According to the group labeled "disheartened" in the survey, higher teacher pay and removing students with severe behavioral problems from the classroom would help improve teaching. However, according to idealists, smaller class sizes would best help improve teaching, and this group made little mention of higher pay or student behavioral problems.
Andrew Yarrow, vice president of Public Agenda, says the survey data have important implications and raise many questions for education leaders.
"Are the idealists the best prospects for high-need schools and for reinvigorating the profession, and what do school leaders need to do to retain them in the field? Given the idealists’ passion for improving their students’ lives, how can administrators ensure that they have the skills and support to fulfill that goal? More than a third of idealists voiced a desire to move eventually into other jobs in education. How does the field respond to those aspirations?" asked Yarrow.
The survey raises many questions with respect to the disheartened group as well.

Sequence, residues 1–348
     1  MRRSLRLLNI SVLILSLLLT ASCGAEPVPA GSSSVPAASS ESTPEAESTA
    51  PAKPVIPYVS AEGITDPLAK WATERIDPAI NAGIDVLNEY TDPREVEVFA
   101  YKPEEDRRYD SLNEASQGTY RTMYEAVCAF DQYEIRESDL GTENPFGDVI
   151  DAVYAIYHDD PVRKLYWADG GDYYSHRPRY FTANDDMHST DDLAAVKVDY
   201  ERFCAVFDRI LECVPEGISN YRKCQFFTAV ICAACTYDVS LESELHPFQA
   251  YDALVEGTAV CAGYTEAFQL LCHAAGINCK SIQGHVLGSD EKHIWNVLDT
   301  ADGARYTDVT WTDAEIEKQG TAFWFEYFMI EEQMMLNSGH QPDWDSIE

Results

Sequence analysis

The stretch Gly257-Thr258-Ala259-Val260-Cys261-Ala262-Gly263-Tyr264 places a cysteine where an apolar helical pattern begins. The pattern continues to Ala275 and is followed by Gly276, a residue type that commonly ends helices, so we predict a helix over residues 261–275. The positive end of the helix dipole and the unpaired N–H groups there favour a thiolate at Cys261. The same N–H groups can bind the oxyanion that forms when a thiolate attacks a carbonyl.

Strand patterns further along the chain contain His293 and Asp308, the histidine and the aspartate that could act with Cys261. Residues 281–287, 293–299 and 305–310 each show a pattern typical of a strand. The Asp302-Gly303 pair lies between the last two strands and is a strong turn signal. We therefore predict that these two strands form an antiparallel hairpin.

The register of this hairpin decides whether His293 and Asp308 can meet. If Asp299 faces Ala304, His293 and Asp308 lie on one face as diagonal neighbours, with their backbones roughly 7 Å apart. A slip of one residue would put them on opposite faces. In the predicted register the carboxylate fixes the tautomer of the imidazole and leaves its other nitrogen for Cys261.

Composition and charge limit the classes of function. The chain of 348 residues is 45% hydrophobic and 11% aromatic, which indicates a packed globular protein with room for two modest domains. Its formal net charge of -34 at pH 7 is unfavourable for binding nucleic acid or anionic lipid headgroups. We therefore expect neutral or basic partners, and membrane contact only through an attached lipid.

"Some may be ill-fitted to the job and ready to move on," said Yarrow, "but how should the field encourage and support their transition? Others may be good teachers trapped in dysfunctional schools and, in the right environment, might change their views and become idealists. While those teachers may be helping their students despite the teachers’ bleak outlook, the researchers point out that it would be hard to believe that those disheartened teachers are as effective as they could be, given their own reports about their situation."
Jean Johnson, executive vice president of Public Agenda and director of its Education Insights division, noted that an earlier study with superintendents and principals showed that administrators can fall into two categories: "Copers," whose main focus is successfully completing the work of each day, and "Transformers," who aim to change the schools they manage.
"One key question from this study is the degree to which the most idealistic teachers could be Transformers, effectively helping struggling students become eager and accomplished learners," said Johnson. "Then there are questions about the disheartened teachers, who generally fall into the coping category. Could good school leadership and better support re-energize them, or would it be better for some portion of them and their students if they found another line of work?"